GRAMMY Pro Songwriters Summit: Women Making Music | New York
By: Jaqueline Smiley
On March 20, 2017, The Recording Academy's New York Chapter and The Apollo Theater Education Program gathered together to present GRAMMY Pro Songwriters Summit: Women Making Music, held at the world-famous Apollo Theatre in Harlem. Three dynamic women – Andrea Martin, Emily King, and Kendra Foster – sat down to discuss their unique experiences in the music business as singers, songwriters, and producers across their successful careers. Their candid and compelling conversation was moderated by Tracey Jordan, Director of Artist and Industry Relations for Sirius XM and New York Chapter Board Governor.
To kick off the evening, Apollo Director of Education Shirley Taylor shared some background on the iconic theatre’s eighty-three year history, highlighting The Apollo Theatre Education Program's commitment to preserving the venue's legacy and to passing knowledge down to younger generations. Nick Cucci, Executive Director of The Recording Academy’s New York Chapter, also addressed the audience to touch on The Recording Academy's efforts to create a supportive community for all music creators.
The panelists answered a series of impressive, thought-provoking questions by Taylor, as well as questions from the audience. Each songwriter has written hits for top-billing recording artists like Toni Braxton, D’Angelo, and Nas, but all have also written and performed huge songs of their own. These women are storytellers and visionaries; each is multi-talented and unafraid to step outside of their comfort zone in pursuit of her dream.
Each panelist lent valuable perspective and shared humorous anecdotes on topics spanning the creative process, their first breakthroughs and the best (and worst) performance memories from their careers. Andrea Martin recounted how she got her start singing background vocals, which in turn led to writing vocal demos for mega-hits such as Robin S’s “Show Me Love.” Without missing a beat, Martin broke from her story and sang the song, sailing effortlessly through the high notes and enchanting all within earshot.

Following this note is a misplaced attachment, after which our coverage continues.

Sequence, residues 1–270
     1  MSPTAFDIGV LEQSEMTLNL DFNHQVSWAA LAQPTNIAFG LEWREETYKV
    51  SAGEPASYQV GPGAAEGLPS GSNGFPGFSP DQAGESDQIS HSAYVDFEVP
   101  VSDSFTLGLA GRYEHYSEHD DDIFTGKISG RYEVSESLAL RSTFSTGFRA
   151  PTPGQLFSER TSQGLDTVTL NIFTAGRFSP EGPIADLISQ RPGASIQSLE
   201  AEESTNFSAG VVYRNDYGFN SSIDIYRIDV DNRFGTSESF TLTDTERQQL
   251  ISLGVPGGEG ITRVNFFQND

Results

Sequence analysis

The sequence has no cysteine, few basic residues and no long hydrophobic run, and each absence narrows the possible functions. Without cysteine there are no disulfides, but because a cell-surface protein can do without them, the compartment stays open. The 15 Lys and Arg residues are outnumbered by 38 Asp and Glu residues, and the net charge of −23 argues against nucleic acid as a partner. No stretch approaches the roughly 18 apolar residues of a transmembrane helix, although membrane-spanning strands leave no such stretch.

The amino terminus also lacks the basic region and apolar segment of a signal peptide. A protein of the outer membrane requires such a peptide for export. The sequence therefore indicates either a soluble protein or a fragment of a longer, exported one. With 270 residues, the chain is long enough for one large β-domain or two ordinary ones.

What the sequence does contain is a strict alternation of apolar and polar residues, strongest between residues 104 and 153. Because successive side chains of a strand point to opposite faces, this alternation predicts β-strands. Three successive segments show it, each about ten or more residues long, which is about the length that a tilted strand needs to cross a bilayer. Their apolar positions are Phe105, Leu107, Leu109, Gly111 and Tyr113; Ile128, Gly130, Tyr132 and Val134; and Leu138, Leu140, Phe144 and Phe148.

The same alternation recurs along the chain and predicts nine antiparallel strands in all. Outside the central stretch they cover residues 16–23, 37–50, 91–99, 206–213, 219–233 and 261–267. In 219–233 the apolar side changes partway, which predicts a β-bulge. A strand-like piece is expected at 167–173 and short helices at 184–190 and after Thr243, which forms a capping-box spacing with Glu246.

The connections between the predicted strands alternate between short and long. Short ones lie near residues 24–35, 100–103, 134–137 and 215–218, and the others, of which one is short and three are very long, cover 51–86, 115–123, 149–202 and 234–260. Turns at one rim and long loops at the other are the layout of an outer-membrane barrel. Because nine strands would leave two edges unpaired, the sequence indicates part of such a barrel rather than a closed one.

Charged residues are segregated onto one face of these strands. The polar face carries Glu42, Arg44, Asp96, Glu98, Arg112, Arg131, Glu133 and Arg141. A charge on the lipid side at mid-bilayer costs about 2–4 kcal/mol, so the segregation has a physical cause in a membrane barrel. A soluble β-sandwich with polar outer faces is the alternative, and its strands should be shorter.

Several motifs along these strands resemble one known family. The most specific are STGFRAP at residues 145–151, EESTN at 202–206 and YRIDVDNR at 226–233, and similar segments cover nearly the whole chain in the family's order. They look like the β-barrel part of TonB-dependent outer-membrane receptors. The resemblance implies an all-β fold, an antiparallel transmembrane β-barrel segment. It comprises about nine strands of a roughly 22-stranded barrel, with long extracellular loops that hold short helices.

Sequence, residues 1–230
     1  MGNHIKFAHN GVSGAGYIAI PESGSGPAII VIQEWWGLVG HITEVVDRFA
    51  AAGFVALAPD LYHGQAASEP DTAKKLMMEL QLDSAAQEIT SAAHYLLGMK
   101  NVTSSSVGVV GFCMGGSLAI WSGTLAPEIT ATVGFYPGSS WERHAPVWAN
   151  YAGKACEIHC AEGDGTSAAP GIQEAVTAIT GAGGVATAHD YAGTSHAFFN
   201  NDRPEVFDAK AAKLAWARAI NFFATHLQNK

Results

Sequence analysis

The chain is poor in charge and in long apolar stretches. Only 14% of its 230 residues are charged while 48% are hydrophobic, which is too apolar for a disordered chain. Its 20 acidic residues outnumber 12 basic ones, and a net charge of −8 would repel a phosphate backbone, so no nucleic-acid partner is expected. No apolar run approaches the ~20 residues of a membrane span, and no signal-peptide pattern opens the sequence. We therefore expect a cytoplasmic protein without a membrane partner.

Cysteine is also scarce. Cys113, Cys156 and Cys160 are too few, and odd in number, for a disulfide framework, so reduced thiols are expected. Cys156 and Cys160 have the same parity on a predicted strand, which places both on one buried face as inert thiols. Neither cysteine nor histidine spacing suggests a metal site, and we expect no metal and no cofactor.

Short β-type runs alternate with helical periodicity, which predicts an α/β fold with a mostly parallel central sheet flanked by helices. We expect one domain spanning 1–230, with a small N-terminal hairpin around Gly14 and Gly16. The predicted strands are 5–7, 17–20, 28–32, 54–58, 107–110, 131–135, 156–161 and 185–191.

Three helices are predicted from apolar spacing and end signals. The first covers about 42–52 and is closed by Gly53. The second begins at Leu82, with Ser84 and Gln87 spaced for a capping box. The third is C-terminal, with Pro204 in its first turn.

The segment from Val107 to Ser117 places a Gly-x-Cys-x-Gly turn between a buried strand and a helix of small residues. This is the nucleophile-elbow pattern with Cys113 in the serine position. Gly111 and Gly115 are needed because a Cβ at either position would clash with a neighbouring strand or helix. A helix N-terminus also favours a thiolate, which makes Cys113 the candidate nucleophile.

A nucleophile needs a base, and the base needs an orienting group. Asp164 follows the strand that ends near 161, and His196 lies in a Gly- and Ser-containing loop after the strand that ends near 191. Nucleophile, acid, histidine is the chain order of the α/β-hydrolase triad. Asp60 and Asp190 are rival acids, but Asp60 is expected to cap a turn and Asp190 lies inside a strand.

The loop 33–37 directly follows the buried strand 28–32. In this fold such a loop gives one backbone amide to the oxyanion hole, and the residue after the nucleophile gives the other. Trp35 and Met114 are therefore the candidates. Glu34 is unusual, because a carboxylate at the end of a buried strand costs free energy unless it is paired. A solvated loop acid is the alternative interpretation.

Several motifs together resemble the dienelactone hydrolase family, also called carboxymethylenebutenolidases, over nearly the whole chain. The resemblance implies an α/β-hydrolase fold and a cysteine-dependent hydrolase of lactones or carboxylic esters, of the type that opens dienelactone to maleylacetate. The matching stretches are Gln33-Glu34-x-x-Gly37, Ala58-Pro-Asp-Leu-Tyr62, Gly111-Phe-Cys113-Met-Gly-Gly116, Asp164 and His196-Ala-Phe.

A persistent challenge faced by all three women across their careers: misogyny. Emily King described the obstacles she faced as “A series of transformations. I think one of the big distractions that women face that men [don’t] is physical appearance. It’s a distraction from the music that you make and what you are trying to do.” King revealed that she would often wear suits to channel a feeling of "masculine energy" because it allowed her to focus more on what she was doing.
Kendra Foster spoke from the heart about the dichotomy she faced as a performer between trying to appear simultaneously fearless and vulnerable on stage. A tactic she learned from George Clinton and Erykah Badu is that they both go for it at all costs. “Being yourself in the moment, without being afraid to show it and allowing yourself to root into the music and open up, that is when I feel I have my best performance,” she explained.
We would like to thank The Apollo Theatre for hosting this insightful discussion, and a heartfelt thanks to all who came out to the event, see you at the next one!